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The results in the voting intentions are a first in Ireland since the nation achieved independence from Britain around a century ago.
The latest election poll in Ireland showed Sunday a surge in support for left-wing party Sinn Fein, placing it for the first time in the country’s history, neck and neck with the main opposition party.
According to the Business Post/Red C poll, Sinn Fein holds 24 percent of the electorate’s support alongside right-wing Fianna Fail, while the ruling Fine Gael, a liberal-conservative party, came in third with 21 percent.
The opinion poll results came a week ahead of Feb. 8 general election, a vote that will determine which political party will lead Ireland.
"People want change," Sinn Fein tweeted Sunday. "Sinn Fein can bring that change."
These results in the voting intentions are a first in Ireland since the nation obtained independence from Britain around a century ago.
The leftist party, which is both active in Ireland and Northern Ireland, has been a major player in the country’s politics, especially for its inflexible position on a united Ireland.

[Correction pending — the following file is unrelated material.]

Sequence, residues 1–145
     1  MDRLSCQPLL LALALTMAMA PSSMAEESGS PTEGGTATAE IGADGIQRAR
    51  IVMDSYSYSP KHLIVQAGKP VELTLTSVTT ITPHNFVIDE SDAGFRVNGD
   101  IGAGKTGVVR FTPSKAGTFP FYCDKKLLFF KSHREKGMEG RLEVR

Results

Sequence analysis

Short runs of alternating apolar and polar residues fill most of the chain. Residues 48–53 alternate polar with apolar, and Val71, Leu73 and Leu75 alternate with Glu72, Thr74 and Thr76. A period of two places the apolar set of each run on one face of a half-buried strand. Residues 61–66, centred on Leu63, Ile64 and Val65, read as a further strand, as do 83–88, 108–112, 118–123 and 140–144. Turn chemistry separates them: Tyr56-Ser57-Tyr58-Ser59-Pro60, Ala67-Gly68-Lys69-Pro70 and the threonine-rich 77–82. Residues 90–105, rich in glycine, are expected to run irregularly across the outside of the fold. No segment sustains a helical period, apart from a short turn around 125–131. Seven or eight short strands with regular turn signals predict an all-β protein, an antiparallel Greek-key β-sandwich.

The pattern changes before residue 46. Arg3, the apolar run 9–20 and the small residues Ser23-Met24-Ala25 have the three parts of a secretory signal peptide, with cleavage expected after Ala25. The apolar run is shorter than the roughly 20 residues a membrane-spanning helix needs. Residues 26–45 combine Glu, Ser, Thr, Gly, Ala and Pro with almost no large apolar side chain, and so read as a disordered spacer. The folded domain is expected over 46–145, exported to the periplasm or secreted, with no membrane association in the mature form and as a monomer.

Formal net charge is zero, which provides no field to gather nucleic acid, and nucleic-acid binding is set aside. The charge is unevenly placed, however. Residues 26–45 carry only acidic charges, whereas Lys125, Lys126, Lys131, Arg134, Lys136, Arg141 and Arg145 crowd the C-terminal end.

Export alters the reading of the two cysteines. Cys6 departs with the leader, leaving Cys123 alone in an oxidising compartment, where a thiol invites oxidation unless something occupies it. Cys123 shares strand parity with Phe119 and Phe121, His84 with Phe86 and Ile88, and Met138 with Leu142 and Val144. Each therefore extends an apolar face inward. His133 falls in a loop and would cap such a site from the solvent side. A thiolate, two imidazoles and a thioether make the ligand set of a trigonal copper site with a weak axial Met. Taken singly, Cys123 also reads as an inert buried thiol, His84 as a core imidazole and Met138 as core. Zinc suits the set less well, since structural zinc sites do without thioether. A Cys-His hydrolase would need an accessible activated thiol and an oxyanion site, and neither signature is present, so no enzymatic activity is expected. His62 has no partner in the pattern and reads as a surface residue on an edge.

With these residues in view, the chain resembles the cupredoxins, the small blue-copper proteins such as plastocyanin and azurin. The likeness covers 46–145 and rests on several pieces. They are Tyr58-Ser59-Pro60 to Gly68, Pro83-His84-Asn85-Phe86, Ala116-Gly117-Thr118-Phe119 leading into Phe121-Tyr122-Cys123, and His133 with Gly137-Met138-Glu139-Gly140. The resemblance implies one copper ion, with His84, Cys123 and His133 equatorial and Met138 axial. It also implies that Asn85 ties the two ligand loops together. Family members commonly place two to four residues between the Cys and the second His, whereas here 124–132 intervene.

Sinn Fein has been closely tied to the Irish Republican Army (IRA), a designation used by several paramilitary organizations, fighting for all of Ireland to be an independent republic, free from British rule.
The progressive party has thus traditionally struggled to gain wider voters’ support and to convince Irish people that it can lead the nation.
Sunday's poll may mark an end to this tradition as voters seem ready to stop the historical power switching between Fianna Fail and Fine Gael.
For many Irish voters, particularly those under 35 years, the next poll could present an opportunity to move away from the right-wing ideology that has shaped the country’s politics for almost 100 years.
"Fianna Fail and Fine Gael have been in power in this state for almost a century," Sinn Fein leader Mary Lou McDonald said Sunday.
"They've had it all their own way and they've had their chance."
McDonald was in talks with Irish state broadcaster RTE to join Fine Gael leader Prime Minister Leo Varadkar and Fianna Fail leader Micheal Martin at a debate Tuesday.
Her exclusion from the event before Sunday's vote had been criticized.
Sinn Fein's popularity was helped along by its anti-austerity stances and the backing of young voters seemingly willing to push their country to the left.